The Umcebo Gallery has organised an exhibition of two photographers, one French and the other Taiwanese, having worked and photographed the two main cities of Taiwan: Taipei and Tainan.

Through their series “Close On” and “The Sleepless”, Elodie Lachaud and Mu-Shen Yen bring a different point of view on the daily life and animation of these two Taiwanese cities.

     Opening on October 8, in the presence of the artists.
     Exhibition from October 10 to October 31, 2019

Elodie Lachaud (Haut) et Mu-Shen Yen (Bas)

Elodie Lachaud – Close On
Intimate space and public space.

Elodie Lachaud seeks to capture the energy and soul of the places she crosses …
Her artistic research revolves around movement, space, memory and intimacy.
At the same time, introspective and retrospective, travels constantly nourish her creativity.

In February 2018 she made an artist residency in Tainan. The city inspires her a photographic series, a video installation and several performances. Through these media, Elodie Lachaud sets ghostly traces, emotions, sensory states, questions, awareness and glances on what surrounds her.

In Tainan City, people use to dry clothes, on clothes racks or hang them on the street furniture. In this way clothes change position during the day, in search of sun or wind. The occupants of the houses also have the habit of settling in front of the houses, on the road, to exchange between neighbors and friends.

Under the pretext of looking for bubble tea, Elodie Lachaud walks the streets of downtown, photography testimonies of everyday life in every detail.

She seeks to know the inhabitants of the city through the traces they leave, trying to identify the members of the same family or guess the conversations.

The series shows streets devoid of human presence, but resolutely alive. The company of the inhabitants, represented by the clothes they have worn, or the empty chairs on which they sat, can be seen in every shot.

Elodie Lachaud “Close On”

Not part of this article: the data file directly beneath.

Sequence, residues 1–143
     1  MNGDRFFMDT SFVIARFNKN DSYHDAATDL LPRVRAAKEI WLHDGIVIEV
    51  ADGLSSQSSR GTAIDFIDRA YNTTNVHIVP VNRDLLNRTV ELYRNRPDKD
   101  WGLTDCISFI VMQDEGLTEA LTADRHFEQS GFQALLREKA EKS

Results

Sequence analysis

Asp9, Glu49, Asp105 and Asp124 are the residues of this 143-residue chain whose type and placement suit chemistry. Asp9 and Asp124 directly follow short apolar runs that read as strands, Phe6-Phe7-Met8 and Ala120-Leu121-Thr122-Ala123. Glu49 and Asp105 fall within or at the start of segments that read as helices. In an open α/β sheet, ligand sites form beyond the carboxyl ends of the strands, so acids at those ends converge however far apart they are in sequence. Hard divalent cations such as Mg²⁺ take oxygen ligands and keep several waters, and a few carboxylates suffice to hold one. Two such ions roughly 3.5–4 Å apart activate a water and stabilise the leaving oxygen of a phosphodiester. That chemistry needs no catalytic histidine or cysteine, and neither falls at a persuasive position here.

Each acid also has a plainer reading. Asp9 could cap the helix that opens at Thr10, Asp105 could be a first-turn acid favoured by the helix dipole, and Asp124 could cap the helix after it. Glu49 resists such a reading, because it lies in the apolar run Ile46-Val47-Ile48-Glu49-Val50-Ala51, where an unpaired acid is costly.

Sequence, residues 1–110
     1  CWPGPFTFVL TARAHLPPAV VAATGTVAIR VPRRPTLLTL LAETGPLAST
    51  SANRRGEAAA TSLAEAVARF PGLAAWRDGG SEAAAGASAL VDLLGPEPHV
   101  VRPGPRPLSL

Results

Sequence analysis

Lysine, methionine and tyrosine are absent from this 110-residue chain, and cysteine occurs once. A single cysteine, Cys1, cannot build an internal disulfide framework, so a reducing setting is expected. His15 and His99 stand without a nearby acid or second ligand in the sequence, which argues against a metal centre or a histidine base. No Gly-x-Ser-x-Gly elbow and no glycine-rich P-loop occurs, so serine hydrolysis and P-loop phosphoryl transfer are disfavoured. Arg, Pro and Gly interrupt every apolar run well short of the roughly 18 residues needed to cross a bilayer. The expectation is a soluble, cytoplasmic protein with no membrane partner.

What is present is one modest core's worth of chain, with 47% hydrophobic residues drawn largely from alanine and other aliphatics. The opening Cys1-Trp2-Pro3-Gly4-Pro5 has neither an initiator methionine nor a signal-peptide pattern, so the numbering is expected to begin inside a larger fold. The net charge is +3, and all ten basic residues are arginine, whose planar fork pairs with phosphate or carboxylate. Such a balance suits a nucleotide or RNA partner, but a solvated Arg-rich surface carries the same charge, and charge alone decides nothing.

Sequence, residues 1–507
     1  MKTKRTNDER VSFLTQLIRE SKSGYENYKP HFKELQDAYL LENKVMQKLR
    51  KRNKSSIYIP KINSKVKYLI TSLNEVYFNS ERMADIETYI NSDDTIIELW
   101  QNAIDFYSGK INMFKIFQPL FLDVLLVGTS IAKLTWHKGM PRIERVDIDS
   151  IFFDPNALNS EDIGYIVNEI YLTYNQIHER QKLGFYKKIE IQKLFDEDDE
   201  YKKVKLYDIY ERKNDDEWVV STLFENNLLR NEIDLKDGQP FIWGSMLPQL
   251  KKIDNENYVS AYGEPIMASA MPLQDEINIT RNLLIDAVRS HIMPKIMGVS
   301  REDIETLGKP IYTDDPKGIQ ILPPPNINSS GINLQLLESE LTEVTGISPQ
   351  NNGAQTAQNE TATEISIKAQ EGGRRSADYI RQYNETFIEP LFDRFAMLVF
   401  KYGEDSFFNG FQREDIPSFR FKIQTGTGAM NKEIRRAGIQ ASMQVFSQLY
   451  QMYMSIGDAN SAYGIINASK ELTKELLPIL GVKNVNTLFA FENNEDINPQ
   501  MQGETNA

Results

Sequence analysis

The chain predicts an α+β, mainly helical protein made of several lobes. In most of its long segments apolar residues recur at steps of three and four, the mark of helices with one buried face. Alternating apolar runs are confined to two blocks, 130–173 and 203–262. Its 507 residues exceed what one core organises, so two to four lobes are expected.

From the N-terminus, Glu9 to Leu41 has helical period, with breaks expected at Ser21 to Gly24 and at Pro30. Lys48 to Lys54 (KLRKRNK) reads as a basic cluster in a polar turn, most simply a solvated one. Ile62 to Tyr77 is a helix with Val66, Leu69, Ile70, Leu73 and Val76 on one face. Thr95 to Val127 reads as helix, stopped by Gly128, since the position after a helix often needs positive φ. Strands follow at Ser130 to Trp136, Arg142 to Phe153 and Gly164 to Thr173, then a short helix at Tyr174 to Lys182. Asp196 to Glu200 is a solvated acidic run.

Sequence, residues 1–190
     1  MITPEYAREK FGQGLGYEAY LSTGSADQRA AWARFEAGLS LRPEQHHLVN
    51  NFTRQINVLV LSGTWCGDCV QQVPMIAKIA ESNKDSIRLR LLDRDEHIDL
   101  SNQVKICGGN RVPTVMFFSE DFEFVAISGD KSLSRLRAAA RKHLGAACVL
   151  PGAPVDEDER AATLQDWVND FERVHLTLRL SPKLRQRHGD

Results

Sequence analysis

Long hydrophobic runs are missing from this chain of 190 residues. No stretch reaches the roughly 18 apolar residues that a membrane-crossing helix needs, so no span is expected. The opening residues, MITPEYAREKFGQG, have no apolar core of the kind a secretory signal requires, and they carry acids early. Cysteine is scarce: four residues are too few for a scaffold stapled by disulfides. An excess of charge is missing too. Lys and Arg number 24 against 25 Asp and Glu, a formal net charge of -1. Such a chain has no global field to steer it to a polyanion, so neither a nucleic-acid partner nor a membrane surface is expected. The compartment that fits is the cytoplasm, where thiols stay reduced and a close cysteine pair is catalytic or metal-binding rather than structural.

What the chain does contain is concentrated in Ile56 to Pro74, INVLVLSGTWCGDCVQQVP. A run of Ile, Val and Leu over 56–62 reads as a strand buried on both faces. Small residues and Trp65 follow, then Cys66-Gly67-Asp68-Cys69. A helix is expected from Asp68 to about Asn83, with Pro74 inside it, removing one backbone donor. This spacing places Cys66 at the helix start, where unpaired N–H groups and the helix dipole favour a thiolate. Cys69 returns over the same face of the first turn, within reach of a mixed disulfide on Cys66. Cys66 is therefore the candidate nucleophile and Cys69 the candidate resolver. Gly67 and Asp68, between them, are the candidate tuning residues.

Mu-Shen Yen – The Sleepless

Whether in the East or in the West, night or day, cities are the collective display of human civilizations. For some reason, cities at night charm and bewitch people even more; during the night, we need all sorts of artificial light to see the face of the city. In other words, the city at night is an even closer examination of the human civilization.

I wander the city at night and heed its calling. The relationship people have with a city is completely different during day and night. During the day, the many wants and desires humans show are apparent, masculine, collective. But at night, the wants and desires are hidden, obscure, and most important of all, private. We are more honest in showing these wants and desires at night than we are during the day. The city at night is an explosion of human desire, seemingly quite on the surface, but underneath it all, it is slowing brewing the wants and needs of hunts and conflicts, expressed by the people who inhabit it.

Taipei. The city I live in, the city I express my wants and desire in; but do I truly embrace and understand its hidden reality? I agree, like many photographers, that trying to photograph an entire city is an arrogant and irresponsible undertaking. Therefore, this series of images is not me trying to debate the reality of Taipei city. Each of these photographs is just a simple reflection of what my senses experienced at the time of the click of the shutter. These fragmented clues will allow the audience to reconstruct the city I call ‘The Sleepless’.

Mu-Shen Yen “The sleepless”